Exercise for your mental health

Regular gym-goers are familiar with the "natural high" brought on by a solid exercise session.

You leave the gym sweaty, but fulfilled, feeling happier, more relaxed and miles away from thoughts of your cranky boss, demanding job or busy family life.

Research has long shown exercise is a simple remedy for stress and depression - and now the medical world is starting to take notice.

Flinders exercise physiologist Kim Allsopp regularly works with GPs and psychiatrists treating clients with depression.

He devises fitness regimes to complement patients' mental health care plans, encouraging people to consider exercise as a critical part of their treatment.

The Black Dog Institute is also campaigning for exercise as a stress relief through its Exercise Your Mood scheme, running through September.

Kim Allsopp encourages patients to see exercise as a critical part of the treatment for depression. Picture: ROBERT PEET

Kim Allsopp encourages patients to see exercise as a critical part of the treatment for depression. Picture: ROBERT PEET

Mr Allsopp said exercise was an ideal way for people to deal with stress, offering them a healthy outlet from the worries of everyday life.

"It really allows people to take their mind off things," he said.

"Often people with depression are struggling with their weight and feeling bad about themselves and it can just be a downhill spiral; exercise gives them short-term success - they can go for a walk and know they've achieved that.

"It might take a psychologist some time to help them make long-term mind-set changes, but exercise allows them to get results straight away."

Many of Mr Allsopp's clients are desperately in need of some "me" time. He often sees parents struggling to find balance in their lives, or young couples who are finding it difficult to cope with the pressures of work, owning a home and managing their finances.

Exercise is sold as an activity to ease stress and give them a sense of command over their life - and they soon see the benefits.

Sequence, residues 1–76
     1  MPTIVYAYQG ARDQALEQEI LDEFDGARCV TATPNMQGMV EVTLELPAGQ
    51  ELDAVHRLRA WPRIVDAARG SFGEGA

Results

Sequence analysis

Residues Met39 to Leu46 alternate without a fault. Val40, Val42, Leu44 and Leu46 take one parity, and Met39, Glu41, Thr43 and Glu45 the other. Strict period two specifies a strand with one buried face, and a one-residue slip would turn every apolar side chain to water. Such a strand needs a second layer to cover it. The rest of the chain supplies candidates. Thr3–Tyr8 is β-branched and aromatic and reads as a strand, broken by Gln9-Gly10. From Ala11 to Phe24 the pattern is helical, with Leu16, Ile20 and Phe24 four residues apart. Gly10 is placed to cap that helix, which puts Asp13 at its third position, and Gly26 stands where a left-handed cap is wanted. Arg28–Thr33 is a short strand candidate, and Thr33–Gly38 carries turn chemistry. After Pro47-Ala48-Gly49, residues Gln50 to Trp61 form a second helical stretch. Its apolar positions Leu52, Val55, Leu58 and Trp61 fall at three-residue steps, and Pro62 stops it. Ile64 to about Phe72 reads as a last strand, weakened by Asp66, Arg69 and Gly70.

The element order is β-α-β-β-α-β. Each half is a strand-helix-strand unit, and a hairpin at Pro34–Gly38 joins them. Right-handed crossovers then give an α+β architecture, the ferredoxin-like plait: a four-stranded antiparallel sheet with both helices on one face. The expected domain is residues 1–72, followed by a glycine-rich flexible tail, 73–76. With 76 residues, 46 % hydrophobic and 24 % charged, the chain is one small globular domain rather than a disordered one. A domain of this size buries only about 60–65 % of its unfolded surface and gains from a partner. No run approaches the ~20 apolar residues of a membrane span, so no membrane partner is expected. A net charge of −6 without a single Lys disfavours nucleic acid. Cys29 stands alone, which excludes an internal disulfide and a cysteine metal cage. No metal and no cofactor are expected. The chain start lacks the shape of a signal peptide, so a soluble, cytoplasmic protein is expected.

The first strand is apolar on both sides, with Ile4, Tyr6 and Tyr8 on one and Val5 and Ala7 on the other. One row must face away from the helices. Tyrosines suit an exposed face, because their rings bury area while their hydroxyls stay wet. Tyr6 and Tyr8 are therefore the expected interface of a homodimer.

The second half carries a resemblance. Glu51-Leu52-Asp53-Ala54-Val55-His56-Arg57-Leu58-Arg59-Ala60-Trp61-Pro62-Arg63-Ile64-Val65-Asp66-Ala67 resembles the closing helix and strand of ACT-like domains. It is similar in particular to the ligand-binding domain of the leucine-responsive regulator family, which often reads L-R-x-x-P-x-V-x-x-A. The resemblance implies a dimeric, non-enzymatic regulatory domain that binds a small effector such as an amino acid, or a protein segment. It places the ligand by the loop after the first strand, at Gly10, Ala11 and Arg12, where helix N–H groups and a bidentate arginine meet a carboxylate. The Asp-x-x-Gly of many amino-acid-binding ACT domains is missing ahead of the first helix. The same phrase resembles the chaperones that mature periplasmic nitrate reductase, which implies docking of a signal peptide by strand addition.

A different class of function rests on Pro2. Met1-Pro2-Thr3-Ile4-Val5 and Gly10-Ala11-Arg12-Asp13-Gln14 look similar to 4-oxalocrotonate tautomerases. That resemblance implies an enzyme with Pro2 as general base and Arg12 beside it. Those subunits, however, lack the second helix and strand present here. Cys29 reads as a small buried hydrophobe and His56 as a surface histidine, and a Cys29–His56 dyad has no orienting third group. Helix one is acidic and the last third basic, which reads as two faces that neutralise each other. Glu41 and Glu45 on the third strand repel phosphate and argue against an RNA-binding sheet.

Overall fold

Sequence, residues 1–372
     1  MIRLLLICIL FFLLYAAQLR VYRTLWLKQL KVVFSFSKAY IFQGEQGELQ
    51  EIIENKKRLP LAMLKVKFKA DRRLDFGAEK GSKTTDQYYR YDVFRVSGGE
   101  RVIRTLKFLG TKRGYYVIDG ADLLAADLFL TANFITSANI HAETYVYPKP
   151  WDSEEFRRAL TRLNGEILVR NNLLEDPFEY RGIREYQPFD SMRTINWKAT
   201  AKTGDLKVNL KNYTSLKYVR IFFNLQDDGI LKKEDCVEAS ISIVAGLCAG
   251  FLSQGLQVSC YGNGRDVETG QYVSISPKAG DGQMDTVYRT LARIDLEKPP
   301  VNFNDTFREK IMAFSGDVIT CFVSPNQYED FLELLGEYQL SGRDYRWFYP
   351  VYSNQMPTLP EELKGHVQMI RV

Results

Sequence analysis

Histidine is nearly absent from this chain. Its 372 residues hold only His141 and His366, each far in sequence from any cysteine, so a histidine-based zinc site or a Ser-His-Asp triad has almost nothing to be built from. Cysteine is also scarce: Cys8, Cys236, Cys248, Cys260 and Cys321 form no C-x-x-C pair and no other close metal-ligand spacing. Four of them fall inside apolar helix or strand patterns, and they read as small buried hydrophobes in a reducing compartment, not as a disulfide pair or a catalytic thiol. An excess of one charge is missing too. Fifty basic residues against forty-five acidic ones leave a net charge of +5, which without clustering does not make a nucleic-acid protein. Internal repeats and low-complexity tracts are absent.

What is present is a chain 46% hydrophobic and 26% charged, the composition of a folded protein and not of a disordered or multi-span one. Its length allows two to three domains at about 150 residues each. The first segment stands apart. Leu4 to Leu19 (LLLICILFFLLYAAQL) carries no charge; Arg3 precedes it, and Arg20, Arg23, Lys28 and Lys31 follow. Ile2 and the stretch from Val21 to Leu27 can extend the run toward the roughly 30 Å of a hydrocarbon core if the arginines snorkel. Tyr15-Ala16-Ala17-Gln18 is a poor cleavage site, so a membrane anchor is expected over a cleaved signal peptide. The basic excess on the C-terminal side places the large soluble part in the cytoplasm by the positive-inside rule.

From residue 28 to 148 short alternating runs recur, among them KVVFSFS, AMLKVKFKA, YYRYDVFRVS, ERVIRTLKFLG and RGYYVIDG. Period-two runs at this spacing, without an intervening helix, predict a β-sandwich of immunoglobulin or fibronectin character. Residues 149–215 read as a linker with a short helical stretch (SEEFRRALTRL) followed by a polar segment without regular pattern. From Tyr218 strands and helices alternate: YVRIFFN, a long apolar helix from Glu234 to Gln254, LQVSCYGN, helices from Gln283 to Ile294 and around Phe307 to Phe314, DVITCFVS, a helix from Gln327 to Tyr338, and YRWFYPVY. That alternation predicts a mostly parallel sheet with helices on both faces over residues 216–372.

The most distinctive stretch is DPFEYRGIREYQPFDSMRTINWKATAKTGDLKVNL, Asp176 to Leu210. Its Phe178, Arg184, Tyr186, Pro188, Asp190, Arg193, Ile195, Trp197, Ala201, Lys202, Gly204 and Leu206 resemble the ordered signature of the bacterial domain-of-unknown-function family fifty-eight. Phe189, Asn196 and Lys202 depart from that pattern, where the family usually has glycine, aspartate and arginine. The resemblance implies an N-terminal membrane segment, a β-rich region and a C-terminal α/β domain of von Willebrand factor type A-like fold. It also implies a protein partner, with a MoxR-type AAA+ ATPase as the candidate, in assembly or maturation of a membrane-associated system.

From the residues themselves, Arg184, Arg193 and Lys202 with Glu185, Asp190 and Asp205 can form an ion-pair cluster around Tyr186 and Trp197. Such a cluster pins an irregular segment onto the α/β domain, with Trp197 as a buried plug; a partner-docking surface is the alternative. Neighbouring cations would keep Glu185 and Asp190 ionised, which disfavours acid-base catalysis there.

"A lot of time my clients are struggling just to keep their head above water but with a bit of regular exercise, you can see the effect on their psyche," Mr Allsopp said.

"They are more relaxed, happier and their self-confidence is often increased - they have that sense of 'look at what I've achieved'."

To have an impact on stress levels, exercise regimes don't have to include marathon running and epic gym sessions. Mr Allsopp subscribes to the philosophy of "just do it", encouraging people to simply get out and work out.

"It's just about physical activity and seeing exercise as a part of life," he said.

"I see it as a whole body movement - whether it's walking, swimming or riding, they just need to move as much as possible."

Planning exercise is critical, along with creating specific, measurable goals that are realistic to achieve.

Mr Allsopp recommends beginners start working out with a friend or family member and engage in activities they enjoy.

"You need something that's going to be a good distraction from the daily stress and something you're going to want to do," he said.

"It's not necessarily about weight loss - a lot of people don't want to look like a catwalk model, they just want to get a pep in their step, feel good and do something for themselves."

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